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Watch Live Tonight: SpaceX Launches Telstar Communications Satellite

Block 5 Falcon 9 rocket
SpaceX launched its first Block 5 Falcon 9 rocket from Florida in May 2018 as part of the Bangabandhu Satellite-1 Mission. (Image credit: SpaceX/<a href="https://flic.kr/p/272DExm">Flickr</a>)

SpaceX will launch a powerful Telstar communications satellite into orbit early Sunday morning (July 22), testing out the spaceflight company's new Block 5 version of the Falcon 9 rocket for the second time.

The launch is set to occur Sunday between 1:50 a.m. and 5:50 a.m. EDT (0550 to 0950 GMT) from Launch Complex 40 at Cape Canaveral Air Force Station in Florida, and you can watch it live online here at Space.com, courtesy of SpaceX. You can also follow the action directly at SpaceX's site.

SpaceX successfully completed a test-fire of the two-stage Falcon 9 Wednesday (July 18), firing the first stage's nine Merlin engines at full power to test them before lowering the rocket to attach the satellite payload, according to SpaceflightNow.

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The Telstar 19V satellite, from the Canadian company Telesat, will end up in a high, geostationary orbit — orbiting at the same rate as Earth turns, so it hovers over one point — and provide broadband access across the Americas and Atlantic Ocean, according to Telesat. After the Falcon 9 lofts the satellite into space, the rocket's first stage will return to Earth for a landing on the SpaceX drone ship Of Course I Still Love You.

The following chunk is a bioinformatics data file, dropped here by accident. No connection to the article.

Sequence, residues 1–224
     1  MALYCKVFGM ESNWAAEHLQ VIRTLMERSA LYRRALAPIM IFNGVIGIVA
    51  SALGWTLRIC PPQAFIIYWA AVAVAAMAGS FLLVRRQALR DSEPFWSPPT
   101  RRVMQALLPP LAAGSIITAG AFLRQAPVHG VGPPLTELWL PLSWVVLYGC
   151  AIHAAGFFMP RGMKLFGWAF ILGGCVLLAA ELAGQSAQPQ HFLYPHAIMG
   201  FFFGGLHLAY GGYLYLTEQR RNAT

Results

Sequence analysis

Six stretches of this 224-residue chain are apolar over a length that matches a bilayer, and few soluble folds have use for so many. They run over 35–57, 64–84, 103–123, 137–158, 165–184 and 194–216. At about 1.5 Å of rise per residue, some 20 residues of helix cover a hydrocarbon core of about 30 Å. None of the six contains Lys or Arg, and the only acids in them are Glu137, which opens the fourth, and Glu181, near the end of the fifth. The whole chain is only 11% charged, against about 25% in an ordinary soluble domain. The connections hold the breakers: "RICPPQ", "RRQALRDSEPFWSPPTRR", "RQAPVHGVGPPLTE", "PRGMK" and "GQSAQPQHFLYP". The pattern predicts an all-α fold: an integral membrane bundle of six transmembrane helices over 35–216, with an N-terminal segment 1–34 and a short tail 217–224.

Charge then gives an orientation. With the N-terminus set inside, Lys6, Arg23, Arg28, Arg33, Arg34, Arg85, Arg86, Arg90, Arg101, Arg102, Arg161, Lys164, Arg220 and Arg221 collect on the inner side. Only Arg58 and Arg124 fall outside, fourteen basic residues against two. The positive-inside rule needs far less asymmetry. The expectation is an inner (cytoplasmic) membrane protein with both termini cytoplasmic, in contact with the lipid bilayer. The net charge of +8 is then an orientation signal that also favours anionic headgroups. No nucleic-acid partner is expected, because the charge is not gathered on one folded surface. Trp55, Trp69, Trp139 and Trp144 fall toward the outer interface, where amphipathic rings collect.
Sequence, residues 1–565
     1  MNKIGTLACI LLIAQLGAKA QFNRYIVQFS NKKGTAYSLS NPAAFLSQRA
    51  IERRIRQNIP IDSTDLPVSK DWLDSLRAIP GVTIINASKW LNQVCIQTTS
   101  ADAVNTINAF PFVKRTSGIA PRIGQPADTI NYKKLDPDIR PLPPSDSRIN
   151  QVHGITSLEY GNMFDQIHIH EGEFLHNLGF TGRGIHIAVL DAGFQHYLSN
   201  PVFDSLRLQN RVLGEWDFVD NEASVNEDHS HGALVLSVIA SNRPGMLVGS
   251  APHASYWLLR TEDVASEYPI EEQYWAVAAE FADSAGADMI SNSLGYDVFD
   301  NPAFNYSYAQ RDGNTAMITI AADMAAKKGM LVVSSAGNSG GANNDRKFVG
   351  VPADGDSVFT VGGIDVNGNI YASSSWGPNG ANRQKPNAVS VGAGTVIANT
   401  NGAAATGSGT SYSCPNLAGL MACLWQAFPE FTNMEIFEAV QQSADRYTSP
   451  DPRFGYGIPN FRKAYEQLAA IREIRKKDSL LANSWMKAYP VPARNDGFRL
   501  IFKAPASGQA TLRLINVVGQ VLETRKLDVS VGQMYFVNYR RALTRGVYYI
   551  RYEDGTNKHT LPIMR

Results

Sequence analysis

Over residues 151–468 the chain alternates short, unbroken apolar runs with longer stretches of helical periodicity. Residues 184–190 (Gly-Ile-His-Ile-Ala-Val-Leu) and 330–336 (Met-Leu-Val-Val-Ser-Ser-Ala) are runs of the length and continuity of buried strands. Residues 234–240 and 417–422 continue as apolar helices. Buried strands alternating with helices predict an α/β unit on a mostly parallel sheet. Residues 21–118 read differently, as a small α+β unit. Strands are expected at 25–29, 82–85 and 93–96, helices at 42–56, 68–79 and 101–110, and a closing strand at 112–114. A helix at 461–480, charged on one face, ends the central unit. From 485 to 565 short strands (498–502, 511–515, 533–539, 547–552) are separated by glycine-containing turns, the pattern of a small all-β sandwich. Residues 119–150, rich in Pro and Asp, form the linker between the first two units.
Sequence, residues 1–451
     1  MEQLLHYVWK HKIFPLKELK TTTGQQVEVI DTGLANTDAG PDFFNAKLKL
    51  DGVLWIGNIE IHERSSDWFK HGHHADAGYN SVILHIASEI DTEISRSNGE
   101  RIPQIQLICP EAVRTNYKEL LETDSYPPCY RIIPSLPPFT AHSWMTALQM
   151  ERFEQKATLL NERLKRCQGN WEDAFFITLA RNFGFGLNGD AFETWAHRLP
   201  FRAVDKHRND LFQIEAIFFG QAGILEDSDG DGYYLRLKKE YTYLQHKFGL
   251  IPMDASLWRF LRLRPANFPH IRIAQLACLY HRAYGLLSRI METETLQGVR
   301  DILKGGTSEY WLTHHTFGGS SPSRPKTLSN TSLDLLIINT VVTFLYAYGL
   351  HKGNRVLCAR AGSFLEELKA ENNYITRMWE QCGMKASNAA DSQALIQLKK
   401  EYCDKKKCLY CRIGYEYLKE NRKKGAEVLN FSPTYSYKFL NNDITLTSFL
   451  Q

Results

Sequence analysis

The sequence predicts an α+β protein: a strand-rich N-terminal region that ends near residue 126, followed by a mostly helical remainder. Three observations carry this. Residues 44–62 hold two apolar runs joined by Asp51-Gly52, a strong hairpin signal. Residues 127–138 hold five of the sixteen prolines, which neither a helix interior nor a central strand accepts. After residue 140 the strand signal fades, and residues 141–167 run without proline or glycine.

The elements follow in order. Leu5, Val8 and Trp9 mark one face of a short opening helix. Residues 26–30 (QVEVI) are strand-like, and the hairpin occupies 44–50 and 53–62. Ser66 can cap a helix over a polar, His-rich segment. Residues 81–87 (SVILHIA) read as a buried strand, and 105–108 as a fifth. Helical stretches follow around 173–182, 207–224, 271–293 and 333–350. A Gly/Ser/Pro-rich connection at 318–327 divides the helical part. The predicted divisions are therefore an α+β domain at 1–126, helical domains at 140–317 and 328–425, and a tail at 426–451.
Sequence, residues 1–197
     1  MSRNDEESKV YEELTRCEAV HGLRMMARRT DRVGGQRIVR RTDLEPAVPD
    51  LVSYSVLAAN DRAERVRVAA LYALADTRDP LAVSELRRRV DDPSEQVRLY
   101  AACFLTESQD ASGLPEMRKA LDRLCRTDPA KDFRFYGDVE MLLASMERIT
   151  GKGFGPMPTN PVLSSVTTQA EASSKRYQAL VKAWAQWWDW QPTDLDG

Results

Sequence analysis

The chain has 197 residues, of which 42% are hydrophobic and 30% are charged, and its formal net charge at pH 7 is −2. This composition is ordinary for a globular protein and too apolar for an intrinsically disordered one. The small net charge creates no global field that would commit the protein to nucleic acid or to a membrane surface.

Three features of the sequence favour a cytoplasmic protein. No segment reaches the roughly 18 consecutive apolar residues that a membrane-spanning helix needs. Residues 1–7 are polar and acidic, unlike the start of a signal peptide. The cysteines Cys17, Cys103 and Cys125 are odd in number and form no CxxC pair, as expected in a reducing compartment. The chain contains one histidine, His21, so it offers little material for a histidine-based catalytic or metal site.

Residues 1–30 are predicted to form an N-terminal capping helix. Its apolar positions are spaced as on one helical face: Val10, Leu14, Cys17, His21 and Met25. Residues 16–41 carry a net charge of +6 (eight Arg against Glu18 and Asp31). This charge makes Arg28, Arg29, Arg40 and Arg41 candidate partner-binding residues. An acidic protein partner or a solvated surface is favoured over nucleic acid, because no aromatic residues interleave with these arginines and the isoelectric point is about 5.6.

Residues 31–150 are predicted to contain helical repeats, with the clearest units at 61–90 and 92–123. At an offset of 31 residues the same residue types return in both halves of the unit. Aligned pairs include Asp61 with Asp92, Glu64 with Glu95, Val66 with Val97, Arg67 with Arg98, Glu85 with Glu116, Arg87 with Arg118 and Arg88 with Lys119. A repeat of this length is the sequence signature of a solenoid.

This launch is SpaceX's second to use the company's new Block 5 Falcon 9, which first launched May 11 carrying Bangladesh's first communications satellite into orbit and whose first stage was recovered for analysis. This launch will use an all-new Block 5, although the rockets' first stages are designed to last for 10 or more flights with no refurbishment in between — in fact, SpaceX CEO Elon Musk has said they could ideally last for 100 launches with some refurbishment. 

The Block 5 also has increased thrust over the previous version and is designed to meet NASA's commercial crew requirements. While additional minor changes might be made, Musk has said the Block 5 will be the final version of the Falcon 9, freeing up SpaceX to work on newer rocket designs, such as the potentially Mars-bound BFR.

As of Friday (July 20), the weather forecast from Patrick Air Force Base's 45th Space Wing showed a 60-percent chance of acceptable launch weather; the potential problem spots are thick clouds. If SpaceX is unable to make the launch window, the backup will be the next night.

This launch will be the first in a busy streak for SpaceX, if launch dates hold. The company is set to launch 10 satellites for the Iridium Next mobile communications fleet on July 25 from Vandenberg Air Force Base in California. Then, on Aug. 2, the company will launch a communications satellite for Telkom Indonesia from Cape Canaveral in Florida.

Email Sarah Lewin at slewin@space.com or follow her @SarahExplains. Follow us @Spacedotcom, Facebook and Google+. Original article on Space.com

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Sarah Lewin
SPACE.COM ASSOCIATE EDITOR — Sarah started writing for Space.com in June of 2015. Her work has been featured by Scientific American, IEEE Spectrum, Quanta Magazine, Wired, The Scientist, Science Friday and WGBH's Inside NOVA. Sarah has an MA from NYU's Science, Health and Environmental Reporting Program and an AB in mathematics from Brown University. When not writing, reading or thinking about space, Sarah enjoys musical theatre and mathematical papercraft. You can follow her on Twitter @SarahExplains.